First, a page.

¶13 While authorizing us to determine the amount of the punitive damages award, the Supreme Court leashed us more tightly to the established analytical guideposts of Gore in two ways: by narrowing the scope of relevant evidence which we may consider in evaluating the reprehensibility of State Farm's conduct, and by providing more detailed guidance for determining the relationship between compensatory and punitive damages. Campbell II, 538 U.S. at 419-22, 424-28.

   ¶14 The Supreme Court chided us for basing our reinstatement of the jury's $145 million punitive damages award on State Farm's "nationwide policies rather than for the conduct direct [sic] toward the Campbells." Id. at 420. The Supreme Court found impermissible our reliance on State Farm's conduct outside Utah in measuring the reprehensibility of the company's conduct. Id. at 421. Drawing on views expressed in Gore, the Supreme Court limited evidence that can properly be weighed in the reprehensibility scale to behavior which took place within our borders and was directed at the Campbells. Id. at 421-22. We are mindful that it was our consideration of irrelevant extra-territorial evidence concerning reprehensibility which attracted most of the Supreme Court's criticism in Campbell II. We therefore reevaluate State Farm's conduct based solely on its behavior that affected the Campbells and took place within Utah.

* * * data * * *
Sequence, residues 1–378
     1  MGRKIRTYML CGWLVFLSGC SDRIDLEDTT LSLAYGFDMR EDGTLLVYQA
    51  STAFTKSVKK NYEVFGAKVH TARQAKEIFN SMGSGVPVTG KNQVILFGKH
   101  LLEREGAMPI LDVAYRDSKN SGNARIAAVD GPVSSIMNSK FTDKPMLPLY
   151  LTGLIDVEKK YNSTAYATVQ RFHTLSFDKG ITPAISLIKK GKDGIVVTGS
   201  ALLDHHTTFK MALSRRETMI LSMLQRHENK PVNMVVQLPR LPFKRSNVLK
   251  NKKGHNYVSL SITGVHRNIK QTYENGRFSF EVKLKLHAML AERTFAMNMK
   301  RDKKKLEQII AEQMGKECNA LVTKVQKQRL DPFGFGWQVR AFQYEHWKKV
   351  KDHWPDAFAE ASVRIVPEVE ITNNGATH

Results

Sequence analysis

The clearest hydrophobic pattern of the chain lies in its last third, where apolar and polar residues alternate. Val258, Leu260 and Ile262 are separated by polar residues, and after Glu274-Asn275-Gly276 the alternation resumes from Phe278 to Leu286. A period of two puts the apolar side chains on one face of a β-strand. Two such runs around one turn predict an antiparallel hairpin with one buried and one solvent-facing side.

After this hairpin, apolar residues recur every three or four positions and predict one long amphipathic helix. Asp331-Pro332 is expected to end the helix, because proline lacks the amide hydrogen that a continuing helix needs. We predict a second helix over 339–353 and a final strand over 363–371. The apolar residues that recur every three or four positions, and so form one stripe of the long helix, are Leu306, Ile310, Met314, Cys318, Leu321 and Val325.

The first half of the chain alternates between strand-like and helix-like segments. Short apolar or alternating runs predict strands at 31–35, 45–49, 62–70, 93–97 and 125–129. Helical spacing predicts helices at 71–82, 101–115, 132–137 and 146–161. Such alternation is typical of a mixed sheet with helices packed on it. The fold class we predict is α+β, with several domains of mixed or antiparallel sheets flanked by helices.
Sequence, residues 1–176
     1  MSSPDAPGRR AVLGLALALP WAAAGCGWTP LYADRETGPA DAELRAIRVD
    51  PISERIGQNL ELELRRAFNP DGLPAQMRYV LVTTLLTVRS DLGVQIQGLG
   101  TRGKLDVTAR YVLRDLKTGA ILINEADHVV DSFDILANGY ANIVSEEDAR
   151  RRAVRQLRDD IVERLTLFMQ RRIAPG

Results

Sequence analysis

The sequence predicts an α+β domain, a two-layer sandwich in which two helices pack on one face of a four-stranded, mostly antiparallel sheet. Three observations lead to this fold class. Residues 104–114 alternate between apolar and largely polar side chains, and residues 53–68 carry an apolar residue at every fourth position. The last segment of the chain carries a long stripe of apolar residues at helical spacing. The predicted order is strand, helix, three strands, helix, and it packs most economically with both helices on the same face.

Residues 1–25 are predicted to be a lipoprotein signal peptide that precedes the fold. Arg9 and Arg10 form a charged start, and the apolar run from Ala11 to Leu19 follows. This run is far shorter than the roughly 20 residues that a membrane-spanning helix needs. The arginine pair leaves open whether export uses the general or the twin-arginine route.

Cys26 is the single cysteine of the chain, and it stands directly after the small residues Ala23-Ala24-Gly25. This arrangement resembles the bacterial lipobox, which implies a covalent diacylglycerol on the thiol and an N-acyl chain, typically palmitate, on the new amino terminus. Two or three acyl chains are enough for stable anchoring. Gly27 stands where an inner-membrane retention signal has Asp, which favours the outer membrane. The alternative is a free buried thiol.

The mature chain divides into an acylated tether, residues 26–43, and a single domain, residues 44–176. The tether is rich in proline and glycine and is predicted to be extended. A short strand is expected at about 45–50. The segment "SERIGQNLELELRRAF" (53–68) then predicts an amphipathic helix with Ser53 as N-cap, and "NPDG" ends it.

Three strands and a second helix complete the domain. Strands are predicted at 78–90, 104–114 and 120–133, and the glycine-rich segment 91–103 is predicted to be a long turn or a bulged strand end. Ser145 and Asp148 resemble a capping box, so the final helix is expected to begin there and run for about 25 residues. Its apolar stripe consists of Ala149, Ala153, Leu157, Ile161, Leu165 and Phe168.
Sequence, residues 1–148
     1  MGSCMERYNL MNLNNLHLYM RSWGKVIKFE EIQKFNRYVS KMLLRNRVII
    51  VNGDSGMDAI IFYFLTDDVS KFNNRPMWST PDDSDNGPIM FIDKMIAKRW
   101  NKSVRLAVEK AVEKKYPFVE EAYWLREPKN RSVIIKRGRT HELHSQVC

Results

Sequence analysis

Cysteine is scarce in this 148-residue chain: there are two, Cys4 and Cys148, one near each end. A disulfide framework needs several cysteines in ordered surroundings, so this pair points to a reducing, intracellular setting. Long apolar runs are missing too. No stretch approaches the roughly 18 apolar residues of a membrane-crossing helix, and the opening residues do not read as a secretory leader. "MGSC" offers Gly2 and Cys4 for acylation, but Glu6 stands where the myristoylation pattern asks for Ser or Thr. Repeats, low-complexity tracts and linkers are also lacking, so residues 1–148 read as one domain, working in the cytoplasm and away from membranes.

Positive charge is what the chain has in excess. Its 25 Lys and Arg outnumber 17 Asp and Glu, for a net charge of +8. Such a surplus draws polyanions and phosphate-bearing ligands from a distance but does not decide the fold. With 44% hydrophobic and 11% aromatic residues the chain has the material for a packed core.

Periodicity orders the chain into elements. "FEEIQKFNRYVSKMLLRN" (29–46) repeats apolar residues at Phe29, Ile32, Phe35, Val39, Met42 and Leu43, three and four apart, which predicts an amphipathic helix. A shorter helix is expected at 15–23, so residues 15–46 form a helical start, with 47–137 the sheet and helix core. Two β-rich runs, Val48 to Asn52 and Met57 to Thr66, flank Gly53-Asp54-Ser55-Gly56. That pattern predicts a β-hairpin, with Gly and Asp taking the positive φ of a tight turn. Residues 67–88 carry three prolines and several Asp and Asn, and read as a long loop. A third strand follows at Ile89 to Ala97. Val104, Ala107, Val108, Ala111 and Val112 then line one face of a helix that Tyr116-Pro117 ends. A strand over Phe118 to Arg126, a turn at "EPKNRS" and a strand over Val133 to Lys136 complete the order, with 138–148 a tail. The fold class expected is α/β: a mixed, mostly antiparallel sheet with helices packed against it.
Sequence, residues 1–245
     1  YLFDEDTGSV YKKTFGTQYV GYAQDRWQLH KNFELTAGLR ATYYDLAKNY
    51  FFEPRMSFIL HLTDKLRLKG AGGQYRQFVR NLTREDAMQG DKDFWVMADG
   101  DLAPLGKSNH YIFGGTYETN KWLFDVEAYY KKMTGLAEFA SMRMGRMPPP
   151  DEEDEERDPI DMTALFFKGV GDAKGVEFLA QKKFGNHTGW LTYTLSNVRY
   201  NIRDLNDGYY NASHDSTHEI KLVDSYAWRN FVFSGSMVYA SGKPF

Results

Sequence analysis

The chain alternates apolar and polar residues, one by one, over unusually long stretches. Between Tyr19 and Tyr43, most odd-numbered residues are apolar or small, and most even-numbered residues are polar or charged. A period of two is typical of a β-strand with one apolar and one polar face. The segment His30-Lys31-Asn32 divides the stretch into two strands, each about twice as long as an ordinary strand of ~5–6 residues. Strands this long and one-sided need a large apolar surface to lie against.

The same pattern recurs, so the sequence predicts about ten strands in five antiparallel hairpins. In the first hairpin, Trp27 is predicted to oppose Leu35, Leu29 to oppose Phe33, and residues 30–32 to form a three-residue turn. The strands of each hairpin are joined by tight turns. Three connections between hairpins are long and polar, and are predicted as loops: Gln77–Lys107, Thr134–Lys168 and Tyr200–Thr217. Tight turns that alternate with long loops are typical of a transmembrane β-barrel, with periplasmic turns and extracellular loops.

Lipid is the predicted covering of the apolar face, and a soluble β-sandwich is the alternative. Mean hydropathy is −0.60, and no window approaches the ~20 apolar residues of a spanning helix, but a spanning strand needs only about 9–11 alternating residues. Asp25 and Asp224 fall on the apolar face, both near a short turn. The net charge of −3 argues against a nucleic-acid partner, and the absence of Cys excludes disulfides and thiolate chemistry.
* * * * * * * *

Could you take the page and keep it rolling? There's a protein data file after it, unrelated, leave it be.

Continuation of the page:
¶15 The Supreme Court stopped well short, however, of punctuating its disagreement with the evidence we considered in our analysis by pinning State Farm's behavior to a particular location along the reprehensibility continuum. It instead simply issued the mandate that "a more modest punishment for this reprehensible conduct could have satisfied the State's legitimate objectives, and the Utah courts should have gone no further." Id. at 419-20.